The other problems noted in this chapter also seem quite familiar, maybe I could discuss them at another time. What I do find interesting is that in various blogs like this one and newspapers, the discussion is about the personality of Shiva Ayyadurai, and not the very real problems listed in his report (which may have been actually pointed out by Ian Dean in any case).

The Ascetic among women

November 11, 2009 Leave a comment

A while ago, there was a conference in New Delhi on Women in science (I think this one). It was inaugurated by the President of India. One man addressed the gathering, and said “I am surrounded by women, but I have no fear, since I am a Brahmachari.” While Brahmachari does mean an ascetic (in particular someone abstaining from sex), he is not really one, as he has a family and children. This was a pun on his own last name, a pun in very poor taste, as it indicated that he thought of women in terms only of their sexuality, even when they are present in the capacity of scientists.

He went on to say that (he thought) women did not succeed as scientists because they did not want to succeed, i.e. they did not have the same drive as men, not because of any discrimnation. In any civilised nation, such a comment would have people baying for his blood, and he would have had to apologise, and perhaps resign from his post.

In India, however, this man continues to head a major Science and Technology funding and awards agency of the Government, in charge of providing research grants to scientists. I have no idea if the Ayyadurai-Sardana report discusses problems faced by women scientists in CSIR labs. I hope somebody looks into that.

Categories: Education Tags: , ,

Shiva the destroyer

November 4, 2009 13 comments

Today’s Mint carries the story of the Indian-American Scientist-Entrepreneur Shiva Ayyadurai being fired from the Council of Scientific and Industrial Research (CSIR) for writing a report (along with a colleague, Deepak Sardana) which criticises the leadership. I mentioned earlier that one of the ills affecting our research institutes is the excessive control exercised by a few people. I do not know what Ayyadurai and Sardana wrote in the 7th chapter of their report, but clearly the leadership has decided that if they could not control the production of the report, they should punish those who wrote it.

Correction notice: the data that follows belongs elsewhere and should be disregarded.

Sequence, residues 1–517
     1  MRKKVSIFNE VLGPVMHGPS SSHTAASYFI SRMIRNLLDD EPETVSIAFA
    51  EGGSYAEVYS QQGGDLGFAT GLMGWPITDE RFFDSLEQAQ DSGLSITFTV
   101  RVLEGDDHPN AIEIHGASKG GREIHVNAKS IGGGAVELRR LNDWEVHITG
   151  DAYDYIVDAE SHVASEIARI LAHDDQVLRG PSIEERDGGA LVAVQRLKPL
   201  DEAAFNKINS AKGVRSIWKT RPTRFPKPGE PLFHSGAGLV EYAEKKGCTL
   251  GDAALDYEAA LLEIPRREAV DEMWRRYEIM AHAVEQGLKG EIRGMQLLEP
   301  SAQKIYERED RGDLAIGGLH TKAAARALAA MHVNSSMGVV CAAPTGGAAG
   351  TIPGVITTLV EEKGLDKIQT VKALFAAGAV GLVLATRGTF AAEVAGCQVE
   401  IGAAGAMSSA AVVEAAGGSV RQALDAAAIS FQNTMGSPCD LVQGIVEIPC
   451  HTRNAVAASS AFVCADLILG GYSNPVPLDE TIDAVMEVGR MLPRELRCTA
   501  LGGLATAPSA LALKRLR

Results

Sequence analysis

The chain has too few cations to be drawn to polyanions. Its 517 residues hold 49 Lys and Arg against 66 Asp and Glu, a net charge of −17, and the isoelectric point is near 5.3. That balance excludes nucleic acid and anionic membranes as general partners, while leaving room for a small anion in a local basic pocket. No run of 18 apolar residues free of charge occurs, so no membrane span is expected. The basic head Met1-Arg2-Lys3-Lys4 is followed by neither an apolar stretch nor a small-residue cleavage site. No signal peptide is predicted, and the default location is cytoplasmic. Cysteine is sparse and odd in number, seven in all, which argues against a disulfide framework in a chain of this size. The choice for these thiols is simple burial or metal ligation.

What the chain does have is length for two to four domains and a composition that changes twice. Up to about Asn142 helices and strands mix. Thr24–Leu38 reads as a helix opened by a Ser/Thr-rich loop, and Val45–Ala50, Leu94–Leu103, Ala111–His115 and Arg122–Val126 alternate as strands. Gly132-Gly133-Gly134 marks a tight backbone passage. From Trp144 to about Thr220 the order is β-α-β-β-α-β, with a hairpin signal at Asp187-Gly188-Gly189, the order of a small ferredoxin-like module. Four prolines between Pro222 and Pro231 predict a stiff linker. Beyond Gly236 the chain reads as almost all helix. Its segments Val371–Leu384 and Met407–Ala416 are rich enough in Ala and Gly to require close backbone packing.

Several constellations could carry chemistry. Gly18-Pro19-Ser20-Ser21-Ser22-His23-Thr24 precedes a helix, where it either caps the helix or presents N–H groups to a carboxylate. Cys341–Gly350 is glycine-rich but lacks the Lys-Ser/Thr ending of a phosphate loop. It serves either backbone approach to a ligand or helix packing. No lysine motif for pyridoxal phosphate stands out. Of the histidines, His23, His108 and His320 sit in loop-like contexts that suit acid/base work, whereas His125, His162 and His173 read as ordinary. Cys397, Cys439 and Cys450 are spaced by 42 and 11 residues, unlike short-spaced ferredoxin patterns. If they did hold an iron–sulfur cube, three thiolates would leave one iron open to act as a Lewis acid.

There is a regulation which says that employees of the Indian government cannot publicly criticise decisions taken by the government. This is of course completely counterproductive, since those who can see the system from the inside are often aware of the real issues and problems which need to be criticised. This regulation also cuts deeply into freedom of speech and hence into freedom of thought, the most important quality that any academic environment must provide.

CSIR is supposed to be a bridge between scientific research in India and its industrial application. Yet they earned only Rs. 368 million from patents, while Rs. 2.3 billion were spent filing those patents. This of course does not include the money spent as grants, or funding, for the research that went into those patents, nor the infrastructure and salaries.

The present Director-General of CSIR decided to take umbrage to the report by Shiva Ayyadurai and Deepak Sardana, and instead of taking steps to attack the problems that face the organisation and its labs, chose to shoot the messengers. Ayyadurai was fired, and while the newspaper report does not mention what steps were taken against Sardana, he is not sleeping on a bed of roses either — he said that he wished CSIR never happened. And so the sad tale of our research institutes continues, ruled by mediocrity, dictatorial and whimsical leadership, and failure to solve actual problems.

Update: Lots of apologies for CSIR and ad hominem attacks on Ayyadurai (all anonymous) in the comments section of this blog. It is rather bizarre that even those who are sucking up prefer to remain anonymous.